Nick Tarnasky was born in Rocky Mountain House, Alberta, a 7,000-person town two-and-a-half hours from Calgary. But people often think he's from Russia.
When he was signed by the Buffalo Sabres’ organization, Max Legault said he figured the 28-year-old winger was from overseas.
“I thought he was Euro,” Legualt said. “Not only because of his name, but he played in the KHL, too.”
Tarnasky was also known for his time with the Tampa Bay Lightning and Florida Panthers, but spent last season in his faux homeland in the KHL playing for Chekhov Vityaz. He’s been in more fights than Ivan Drago and has dirty blonde hair. You can see how teammates would connect the dots.
“I think it’s a compliment to my offensive game,” Tarnasky said.
That joke may have been more ironic in the past, but this year Tarnasky had 16 goals and 10 assists to go along with 17 fights for the Rochester Americans. The 6-foot-2 (generously listed at 230-pounds) Canadian cleverly called it the "Triple-Double" and laughed out loud at his own invention of the term.
His teammates probably didn't realize he could score or that he has a sense of humor. If you YouTube search some of his fights, you wouldn't expect him to be all that friendly. Then again, they also thought he was from Russia.
Tarnasky's become something more than just some tough Russian guy. What it is that he’s become, though, is difficult to pinpoint. When you ask teammates, they struggle to define what he’s meant to the club. Big brother, leader…things like that just don't seem to capture it. It's more.
Two days before the Amerks' post-season opener, head coach Chadd Cassidy stood in his skates, leaning against a concrete wall outside the Rochester locker room. Cassidy loves to talk about hockey, gets sarcasm, and doesn't mind placating even the worst questions with a polite answer.
As hockey coaches go, he's the friendliest with the media maybe in the history of hockey and media. His predecessor – now Sabres interim head coach – Ron Rolston often bristled at unimpressive lines of questioning. Cassidy, on the other hand, can even muster a laugh after a bad loss.
Cassidy reflected on taking over for Rolston in February. The 39-year-old lost his first four games as head coach of the Amerks. It appeared Rochester's chances of heading to the playoffs for the second straight year under the ownership of Terry Pegula might be in trouble. It looked like the season might go off the rails. Not only did Rolston head to Buffalo, but the team's captain Kevin Porter was called up and shortly after their second best goal scorer Brian Flynn and No. 1 defenseman Mark Pysyk too.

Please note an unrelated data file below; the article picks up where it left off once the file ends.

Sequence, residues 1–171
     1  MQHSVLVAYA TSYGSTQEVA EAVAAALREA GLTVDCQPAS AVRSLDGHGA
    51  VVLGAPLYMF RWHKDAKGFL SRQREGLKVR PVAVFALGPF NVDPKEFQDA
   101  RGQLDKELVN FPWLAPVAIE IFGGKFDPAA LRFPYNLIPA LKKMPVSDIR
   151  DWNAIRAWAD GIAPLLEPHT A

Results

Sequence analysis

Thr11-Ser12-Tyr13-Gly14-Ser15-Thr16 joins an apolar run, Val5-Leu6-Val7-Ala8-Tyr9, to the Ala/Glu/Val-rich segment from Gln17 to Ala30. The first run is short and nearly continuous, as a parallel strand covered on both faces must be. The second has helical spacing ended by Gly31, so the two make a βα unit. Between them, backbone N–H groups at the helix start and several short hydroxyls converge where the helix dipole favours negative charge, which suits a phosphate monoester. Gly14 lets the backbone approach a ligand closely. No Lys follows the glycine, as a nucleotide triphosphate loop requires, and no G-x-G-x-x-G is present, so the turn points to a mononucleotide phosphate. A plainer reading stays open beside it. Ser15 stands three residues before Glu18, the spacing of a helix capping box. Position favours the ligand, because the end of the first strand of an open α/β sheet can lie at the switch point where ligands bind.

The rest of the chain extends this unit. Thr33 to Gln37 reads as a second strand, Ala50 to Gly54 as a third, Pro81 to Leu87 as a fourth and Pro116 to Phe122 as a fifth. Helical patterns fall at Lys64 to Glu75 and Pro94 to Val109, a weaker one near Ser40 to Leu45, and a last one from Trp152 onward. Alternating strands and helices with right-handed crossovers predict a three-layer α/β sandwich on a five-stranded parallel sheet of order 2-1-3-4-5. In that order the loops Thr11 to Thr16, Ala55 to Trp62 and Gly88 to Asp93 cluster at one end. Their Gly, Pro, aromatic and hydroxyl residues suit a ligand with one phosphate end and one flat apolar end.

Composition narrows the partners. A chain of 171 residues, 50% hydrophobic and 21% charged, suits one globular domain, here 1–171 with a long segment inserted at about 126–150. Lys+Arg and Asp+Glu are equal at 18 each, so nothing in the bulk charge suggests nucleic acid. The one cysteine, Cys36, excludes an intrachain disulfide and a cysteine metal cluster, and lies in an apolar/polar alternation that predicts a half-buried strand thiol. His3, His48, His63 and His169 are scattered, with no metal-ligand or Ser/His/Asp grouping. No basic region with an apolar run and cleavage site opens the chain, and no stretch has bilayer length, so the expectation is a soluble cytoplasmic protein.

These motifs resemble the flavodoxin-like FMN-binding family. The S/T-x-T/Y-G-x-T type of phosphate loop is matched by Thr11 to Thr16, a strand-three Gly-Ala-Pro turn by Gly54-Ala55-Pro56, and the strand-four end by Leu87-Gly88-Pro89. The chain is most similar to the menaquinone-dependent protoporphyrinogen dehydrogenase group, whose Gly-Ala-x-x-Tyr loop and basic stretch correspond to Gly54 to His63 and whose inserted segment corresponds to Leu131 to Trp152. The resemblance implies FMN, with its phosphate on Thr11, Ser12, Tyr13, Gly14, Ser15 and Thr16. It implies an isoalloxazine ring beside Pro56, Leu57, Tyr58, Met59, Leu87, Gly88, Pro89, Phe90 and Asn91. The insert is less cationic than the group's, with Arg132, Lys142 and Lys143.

Cassidy turned to his leaders including Tarnasky.
“When he talks, people listen in that room,” the Amerks’ coach said. “It was important for me that Nick knew where I came from and was on the same page as me. And he has been. It’s been incredible.”
The respect of the group comes because of Tarnasky’s experience – he’s played in 245 NHL games. He thinks and speaks the game, too. There’s a stereotype that guys who fight are cavemen, but his teammates say Tarnasky has a deep understanding of hockey. He makes smart decisions on the ice and provides honest insight on the bench and in the locker room.
“He's not a meathead,” Legault said. “It’s good to have feedback from him because he’s played the game so long. Guys like him and Ellis and McCormick, they know what to do. But he has a different way of telling the guys because that’s how he is.”
The speak-listen effect also comes because he’s willing to take punishment so others won’t have to – to sacrifice his body, possibly his future, to protect them on the ice.
“Guys are a little more quiet when he’s out there, that’s for sure,” Legualt said. “When I play with him, it helps me. Knowing how many times he’s fought for me, I’ve thanked him for that. I’m not a fighter but there are guys who are 6-foot-7 who are going at me but they know he’s a threat all the time.”
Believe it or not, there's been a different, less violent tone on the ice at Blue Cross Arena this season – likely in large part because nobody wants to answer to Tarnasky. The only players who push the limits are newbs who veterans refuse to bother with or other players of his caliber of toughness (of which there are few).
One night, Tarnasky became irritated with an opponent pushing the limits. He stood up on the bench during a stoppage, made a slashing motion with his arm and screamed something to those involved. After that, nobody hit anybody.
Cassidy compares Tarnasky's bench chatter and intimidation to that of Steve Ott on the Sabres.
“Through my career, especially in the NHL, I was only playing six or seven minutes a night,” Tarnasky said. “As far as being ready to play, you have to find a way if you aren't going to have a shift every three minutes or even go a whole period without a shift, you have to stay ready to play somehow. I adapted to vocal energy instead of physical energy.”
With the big Canadian (Russian) on his line, finesse scorer Luke Adam had the courage of Mark Messier. Legault checks freely. And when he played with rookie Frederick Roy, the 5-foot-10, 170-pound forward felt at home playing his pesky/tough game.